Ah, yes. Do you remember that old song about “Roll out those lazy, hazy, crazy days of summer…”? (Maybe I’m showing my age a bit much to even mention it!)
I remember as a kid how much I looked forward to summer vacation. As a young boy who was just knee high to a grasshopper on the farm in Iowa, summer was a very magical time! There was a garden to grow, baby animals to raise, bicycles to ride for a mile or two down the dirt roads to your friend’s house. There were fields of waving wheat to play in. There was a hay mow full of sweet smelling, freshly baled hay. The summer days were long and the nights were filled with fireflies and gentle breezes.
I was young enough that I didn’t have too many chores to do, so it was great. I remember that I could hardly wait for school to be over so I could revel in the summertime!
Little did I suspect that the teachers were probably longing for the summertime as much as I was!
Saw this sign yesterday in Dahlonega, Georgia and it made me think of my teacher friends. In particular, Kim and Ken, this one is for you! I know that’s not why you took up teaching – you truly love what you do and are masterful at it – but I bet that you can appreciate what this sign says, too!
ON THIS DAY IN HISTORY: in 1865, the captain and crew of the C.S.S. Shenandoah, still prowling the waters of the Pacific in search of Yankee whaling ships, was finally informed by a British vessel that the South has lost the war.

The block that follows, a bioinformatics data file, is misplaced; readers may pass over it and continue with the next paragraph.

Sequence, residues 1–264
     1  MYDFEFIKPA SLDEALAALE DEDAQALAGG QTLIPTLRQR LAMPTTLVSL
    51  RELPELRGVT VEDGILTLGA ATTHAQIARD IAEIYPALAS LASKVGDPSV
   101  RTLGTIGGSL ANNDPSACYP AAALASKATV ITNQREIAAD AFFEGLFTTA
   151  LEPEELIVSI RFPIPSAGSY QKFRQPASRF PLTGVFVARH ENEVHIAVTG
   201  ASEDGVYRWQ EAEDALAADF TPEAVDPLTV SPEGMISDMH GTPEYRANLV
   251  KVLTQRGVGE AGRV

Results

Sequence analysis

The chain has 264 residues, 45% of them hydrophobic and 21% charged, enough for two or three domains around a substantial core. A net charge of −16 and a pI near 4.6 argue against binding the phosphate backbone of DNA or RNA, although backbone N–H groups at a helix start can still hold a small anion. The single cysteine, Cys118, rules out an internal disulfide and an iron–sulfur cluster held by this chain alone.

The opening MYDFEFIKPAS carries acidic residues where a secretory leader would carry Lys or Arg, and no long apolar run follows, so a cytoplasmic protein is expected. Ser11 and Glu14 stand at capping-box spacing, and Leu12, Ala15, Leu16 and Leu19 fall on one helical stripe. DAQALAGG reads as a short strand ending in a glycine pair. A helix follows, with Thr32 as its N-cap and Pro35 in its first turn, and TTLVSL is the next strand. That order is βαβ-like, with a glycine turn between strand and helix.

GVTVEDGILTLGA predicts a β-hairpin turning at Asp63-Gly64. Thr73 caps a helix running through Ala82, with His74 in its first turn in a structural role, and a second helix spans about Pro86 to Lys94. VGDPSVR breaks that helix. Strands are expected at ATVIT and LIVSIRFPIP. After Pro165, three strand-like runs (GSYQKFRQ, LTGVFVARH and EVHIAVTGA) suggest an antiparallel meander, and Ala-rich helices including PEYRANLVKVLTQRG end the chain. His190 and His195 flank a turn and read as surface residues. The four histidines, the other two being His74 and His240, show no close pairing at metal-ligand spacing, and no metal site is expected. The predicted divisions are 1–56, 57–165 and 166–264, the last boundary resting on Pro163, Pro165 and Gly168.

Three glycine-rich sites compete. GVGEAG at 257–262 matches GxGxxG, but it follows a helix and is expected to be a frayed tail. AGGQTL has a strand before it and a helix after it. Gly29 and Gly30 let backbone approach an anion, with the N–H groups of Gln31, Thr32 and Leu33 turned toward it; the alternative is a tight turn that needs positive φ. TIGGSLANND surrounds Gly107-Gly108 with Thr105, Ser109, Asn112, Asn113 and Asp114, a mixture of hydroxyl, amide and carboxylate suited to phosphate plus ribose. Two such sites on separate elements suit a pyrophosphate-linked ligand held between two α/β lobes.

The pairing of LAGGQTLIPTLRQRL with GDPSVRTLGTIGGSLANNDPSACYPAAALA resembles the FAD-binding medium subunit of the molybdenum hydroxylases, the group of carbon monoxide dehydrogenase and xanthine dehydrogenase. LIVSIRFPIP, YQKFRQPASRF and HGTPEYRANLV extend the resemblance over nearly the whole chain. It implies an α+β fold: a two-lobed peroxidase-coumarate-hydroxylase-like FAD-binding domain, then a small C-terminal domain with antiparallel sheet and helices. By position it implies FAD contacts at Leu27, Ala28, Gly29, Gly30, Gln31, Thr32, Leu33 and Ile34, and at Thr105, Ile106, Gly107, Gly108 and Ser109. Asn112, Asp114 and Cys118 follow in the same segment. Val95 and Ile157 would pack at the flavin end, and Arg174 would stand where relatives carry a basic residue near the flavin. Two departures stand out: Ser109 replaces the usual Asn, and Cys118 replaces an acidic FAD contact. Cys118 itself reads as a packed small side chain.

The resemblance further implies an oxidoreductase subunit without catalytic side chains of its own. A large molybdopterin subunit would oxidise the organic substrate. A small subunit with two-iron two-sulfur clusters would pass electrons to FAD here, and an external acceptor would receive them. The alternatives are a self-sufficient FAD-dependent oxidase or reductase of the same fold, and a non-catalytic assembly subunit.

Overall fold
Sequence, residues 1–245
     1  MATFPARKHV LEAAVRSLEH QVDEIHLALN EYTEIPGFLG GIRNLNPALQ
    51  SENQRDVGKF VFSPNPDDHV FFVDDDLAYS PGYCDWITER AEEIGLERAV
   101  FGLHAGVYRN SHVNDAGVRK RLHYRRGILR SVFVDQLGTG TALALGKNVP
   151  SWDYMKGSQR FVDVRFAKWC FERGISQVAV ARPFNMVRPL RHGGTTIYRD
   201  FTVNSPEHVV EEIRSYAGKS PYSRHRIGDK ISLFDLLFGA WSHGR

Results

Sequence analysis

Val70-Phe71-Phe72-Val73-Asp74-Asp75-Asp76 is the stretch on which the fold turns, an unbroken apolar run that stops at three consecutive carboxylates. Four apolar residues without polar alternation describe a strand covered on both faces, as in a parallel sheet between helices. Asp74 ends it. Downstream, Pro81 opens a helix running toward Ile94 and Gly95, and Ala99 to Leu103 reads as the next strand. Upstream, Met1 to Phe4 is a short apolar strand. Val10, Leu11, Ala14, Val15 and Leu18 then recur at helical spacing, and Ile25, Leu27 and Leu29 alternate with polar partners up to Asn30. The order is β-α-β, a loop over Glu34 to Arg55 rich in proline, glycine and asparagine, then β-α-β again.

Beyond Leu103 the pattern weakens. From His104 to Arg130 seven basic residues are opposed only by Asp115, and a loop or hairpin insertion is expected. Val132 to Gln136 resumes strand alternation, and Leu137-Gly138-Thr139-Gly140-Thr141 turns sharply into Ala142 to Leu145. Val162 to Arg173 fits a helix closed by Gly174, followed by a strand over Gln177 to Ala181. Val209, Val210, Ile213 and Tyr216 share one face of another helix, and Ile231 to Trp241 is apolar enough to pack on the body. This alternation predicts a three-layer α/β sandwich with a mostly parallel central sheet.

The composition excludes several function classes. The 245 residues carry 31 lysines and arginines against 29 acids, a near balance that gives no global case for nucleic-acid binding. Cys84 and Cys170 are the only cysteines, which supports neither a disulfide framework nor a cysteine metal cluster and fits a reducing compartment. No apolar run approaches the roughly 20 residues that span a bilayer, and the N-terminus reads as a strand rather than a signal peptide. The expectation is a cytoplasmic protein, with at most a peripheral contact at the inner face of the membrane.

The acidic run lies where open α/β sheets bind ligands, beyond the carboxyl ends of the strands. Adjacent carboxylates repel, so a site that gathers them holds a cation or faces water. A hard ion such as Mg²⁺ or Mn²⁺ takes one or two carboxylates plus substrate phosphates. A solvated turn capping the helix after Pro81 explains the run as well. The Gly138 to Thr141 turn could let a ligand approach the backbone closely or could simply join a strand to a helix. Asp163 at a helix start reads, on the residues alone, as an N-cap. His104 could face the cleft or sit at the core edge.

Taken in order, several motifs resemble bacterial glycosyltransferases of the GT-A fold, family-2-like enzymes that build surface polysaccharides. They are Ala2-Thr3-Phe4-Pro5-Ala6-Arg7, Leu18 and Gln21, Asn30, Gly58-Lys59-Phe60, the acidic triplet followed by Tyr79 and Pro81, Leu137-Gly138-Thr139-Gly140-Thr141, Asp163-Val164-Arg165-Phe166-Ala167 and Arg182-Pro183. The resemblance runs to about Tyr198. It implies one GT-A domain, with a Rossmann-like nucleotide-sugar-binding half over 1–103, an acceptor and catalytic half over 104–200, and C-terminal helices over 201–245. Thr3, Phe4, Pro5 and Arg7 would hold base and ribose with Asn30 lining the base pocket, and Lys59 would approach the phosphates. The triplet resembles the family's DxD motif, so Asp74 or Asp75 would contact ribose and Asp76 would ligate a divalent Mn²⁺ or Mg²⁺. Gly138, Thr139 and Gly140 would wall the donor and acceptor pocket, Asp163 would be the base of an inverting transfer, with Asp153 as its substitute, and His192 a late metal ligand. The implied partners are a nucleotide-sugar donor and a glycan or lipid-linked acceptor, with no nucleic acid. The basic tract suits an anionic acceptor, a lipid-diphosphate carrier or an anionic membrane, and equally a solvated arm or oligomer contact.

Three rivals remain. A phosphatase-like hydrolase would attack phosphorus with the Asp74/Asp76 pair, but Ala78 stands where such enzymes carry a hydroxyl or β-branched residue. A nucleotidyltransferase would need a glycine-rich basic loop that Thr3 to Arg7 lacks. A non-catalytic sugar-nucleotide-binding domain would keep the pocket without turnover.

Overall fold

The Shenandoah was the last major Confederate cruiser to set sail. Launched as a British vessel in September 1863, it was purchased by the Confederates and commissioned in October 1864. The 230-foot-long craft was armed with eight large guns and a crew of 73 sailors. Commanded by Captain James I. Waddell, the Shenandoah steered toward the Pacific and targeted Yankee whaling ships. Waddell enjoyed great success, taking six ships in the South Pacific before slipping into Melbourne, Australia, for repairs in January 1865.
Within a month, the Shenandoah was back on the loose, wreaking havoc in the waters around Alaska. The Rebel ship captured 32 additional Union vessels, most of which were burned. The damage was estimated at $1.6 million, a staggering figure in such a short period of time. Although the crew heard rumors that the Confederate armies had surrendered, Waddell continued to fight. He finally accepted an English captain’s report on August 2, 1865. The Shenandoah pulled off another remarkable feat by sailing from the northern Pacific all the way to Liverpool, England, without stopping at any ports. Arriving on November 6, Waddell surrendered his ship to British officials.
TRIVIA FOR TODAY: Actor Anthony Quinn was the first Mexican to win an Academy Award for his role in the 1952 movie Viva Zapata.